There were 111 households out of which 27.0% had children under the age of 18 living with them, 49.5% were married couples living together, 8.1% had a female householder with no husband present, and 41.4% were non-families. 37.8% of all households were made up of individuals and 19.8% had someone living alone who was 65 years of age or older. The average household size was 2.17 and the average family size was 2.91.

In the town the population was spread out with 22.0% under the age of 18, 3.3% from 18 to 24, 25.7% from 25 to 44, 24.5% from 45 to 64, and 24.5% who were 65 years of age or older. The median age was 45 years. For every 100 females there were 82.6 males. For every 100 females age 18 and over, there were 86.1 males.

The median income for a household in the town was $20,357, and the median income for a family was $29,167. Males had a median income of $30,833 versus $24,500 for females. The per capita income for the town was $11,819. About 17.6% of families and 20.3% of the population were below the poverty line, including 25.9% of those under the age of eighteen and 17.8% of those sixty five or over.

Notable natives[edit]

References[edit]

  1. ^ a b "American FactFinder". United States Census Bureau. Retrieved 2008-01-31.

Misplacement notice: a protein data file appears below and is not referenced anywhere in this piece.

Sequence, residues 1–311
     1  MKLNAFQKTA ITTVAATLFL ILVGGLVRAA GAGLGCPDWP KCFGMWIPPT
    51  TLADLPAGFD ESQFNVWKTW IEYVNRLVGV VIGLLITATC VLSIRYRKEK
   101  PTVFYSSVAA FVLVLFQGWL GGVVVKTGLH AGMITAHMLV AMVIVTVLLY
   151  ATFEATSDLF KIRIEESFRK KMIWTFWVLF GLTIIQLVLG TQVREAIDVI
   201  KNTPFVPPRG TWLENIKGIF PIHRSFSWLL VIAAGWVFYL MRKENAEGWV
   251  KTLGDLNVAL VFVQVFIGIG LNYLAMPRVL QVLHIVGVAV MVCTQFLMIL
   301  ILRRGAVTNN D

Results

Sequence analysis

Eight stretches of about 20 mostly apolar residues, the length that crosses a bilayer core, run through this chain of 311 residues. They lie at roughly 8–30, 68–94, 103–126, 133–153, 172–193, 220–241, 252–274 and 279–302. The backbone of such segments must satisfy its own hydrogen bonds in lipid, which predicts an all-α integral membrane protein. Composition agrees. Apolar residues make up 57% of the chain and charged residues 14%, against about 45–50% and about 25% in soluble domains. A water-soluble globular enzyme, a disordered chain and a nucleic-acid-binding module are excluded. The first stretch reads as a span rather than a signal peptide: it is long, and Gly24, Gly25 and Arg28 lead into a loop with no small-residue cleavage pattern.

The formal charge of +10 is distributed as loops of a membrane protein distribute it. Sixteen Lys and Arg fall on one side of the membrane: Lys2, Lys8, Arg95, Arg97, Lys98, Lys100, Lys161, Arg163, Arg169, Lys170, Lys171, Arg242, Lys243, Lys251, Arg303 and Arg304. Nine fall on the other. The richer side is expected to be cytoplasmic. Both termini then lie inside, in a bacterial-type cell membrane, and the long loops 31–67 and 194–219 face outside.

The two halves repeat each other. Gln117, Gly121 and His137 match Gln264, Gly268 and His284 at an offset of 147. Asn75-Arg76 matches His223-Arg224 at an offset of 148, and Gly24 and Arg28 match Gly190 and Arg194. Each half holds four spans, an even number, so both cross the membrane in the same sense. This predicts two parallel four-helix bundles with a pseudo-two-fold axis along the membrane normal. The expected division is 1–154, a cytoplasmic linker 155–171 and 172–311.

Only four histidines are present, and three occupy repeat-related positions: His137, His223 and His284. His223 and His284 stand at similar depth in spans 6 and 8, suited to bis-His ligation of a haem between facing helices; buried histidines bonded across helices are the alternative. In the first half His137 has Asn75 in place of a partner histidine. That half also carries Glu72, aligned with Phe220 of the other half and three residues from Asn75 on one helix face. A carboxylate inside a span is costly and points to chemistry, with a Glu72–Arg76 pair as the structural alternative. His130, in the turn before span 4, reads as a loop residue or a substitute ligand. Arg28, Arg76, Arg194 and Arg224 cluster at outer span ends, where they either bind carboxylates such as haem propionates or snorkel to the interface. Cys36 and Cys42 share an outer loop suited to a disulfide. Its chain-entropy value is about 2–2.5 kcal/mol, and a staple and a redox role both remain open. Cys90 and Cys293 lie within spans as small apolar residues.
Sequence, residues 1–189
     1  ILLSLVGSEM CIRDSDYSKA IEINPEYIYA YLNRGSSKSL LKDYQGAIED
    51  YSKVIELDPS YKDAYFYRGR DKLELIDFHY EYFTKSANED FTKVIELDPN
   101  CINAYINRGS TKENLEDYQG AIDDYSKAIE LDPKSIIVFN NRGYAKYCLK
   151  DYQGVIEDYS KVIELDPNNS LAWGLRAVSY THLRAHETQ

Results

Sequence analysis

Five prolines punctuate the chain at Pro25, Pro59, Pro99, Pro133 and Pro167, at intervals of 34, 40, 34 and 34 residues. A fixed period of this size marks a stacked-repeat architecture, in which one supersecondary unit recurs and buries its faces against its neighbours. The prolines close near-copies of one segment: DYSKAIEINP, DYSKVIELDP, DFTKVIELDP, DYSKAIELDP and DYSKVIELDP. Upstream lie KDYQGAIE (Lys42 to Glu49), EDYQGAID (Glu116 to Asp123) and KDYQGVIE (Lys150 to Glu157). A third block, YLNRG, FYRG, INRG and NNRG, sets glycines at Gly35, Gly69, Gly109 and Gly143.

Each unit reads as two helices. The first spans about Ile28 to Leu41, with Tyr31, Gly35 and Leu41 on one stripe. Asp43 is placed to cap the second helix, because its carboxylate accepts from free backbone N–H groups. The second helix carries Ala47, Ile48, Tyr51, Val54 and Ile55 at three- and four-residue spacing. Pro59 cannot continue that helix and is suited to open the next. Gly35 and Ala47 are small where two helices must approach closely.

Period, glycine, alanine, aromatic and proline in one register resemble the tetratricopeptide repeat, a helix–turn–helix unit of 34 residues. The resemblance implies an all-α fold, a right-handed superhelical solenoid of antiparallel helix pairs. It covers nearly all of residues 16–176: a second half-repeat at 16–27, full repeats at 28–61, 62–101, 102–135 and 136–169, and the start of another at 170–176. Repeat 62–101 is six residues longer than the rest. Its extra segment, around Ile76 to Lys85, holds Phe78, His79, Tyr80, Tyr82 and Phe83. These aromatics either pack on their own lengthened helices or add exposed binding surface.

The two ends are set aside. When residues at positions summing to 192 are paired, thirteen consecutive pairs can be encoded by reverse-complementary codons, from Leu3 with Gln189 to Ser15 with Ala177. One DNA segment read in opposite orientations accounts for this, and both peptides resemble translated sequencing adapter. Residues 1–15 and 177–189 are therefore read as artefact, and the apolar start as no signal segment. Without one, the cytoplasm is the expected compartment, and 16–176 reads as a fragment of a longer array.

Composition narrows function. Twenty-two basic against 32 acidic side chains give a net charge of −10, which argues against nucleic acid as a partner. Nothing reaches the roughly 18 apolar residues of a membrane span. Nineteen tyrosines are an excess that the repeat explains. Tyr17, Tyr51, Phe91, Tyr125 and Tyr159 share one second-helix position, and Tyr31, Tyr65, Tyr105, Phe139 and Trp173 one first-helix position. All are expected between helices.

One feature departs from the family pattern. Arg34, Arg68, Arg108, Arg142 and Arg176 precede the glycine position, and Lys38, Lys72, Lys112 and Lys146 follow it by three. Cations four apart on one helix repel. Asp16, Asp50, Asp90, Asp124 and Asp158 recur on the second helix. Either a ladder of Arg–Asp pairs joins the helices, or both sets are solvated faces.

2. ^ "US Board on Geographic Names". United States Geological Survey. 2007-10-25. Retrieved 2008-01-31. 
  3. ^ "US Gazetteer files: 2010, 2000, and 1990". United States Census Bureau. 2011-02-12. Retrieved 2011-04-23. 
  4. ^ Entry for Rattan, Texas appearing in the Handbook of Texas, available online at http://www.tshaonline.org/handbook/online/articles/RR/hrr6.html.
  5. ^ George B. Shirk, Oklahoma Place Names, p. 175; Post Office Site Location Reports, Record Group 28, National Archives
  6. ^ “Harrison Frazier”, Indian-Pioneer Papers, Western History Collections, University of Oklahoma Libraries; Angie Debo, Rise and Fall of the Choctaw Republic
  7. ^ Ibid., “Harrison Frazier”
  8. ^ Ibid., “Harrison Frazier”

External links[edit]

  • [1] Rattan OK Visitors Guide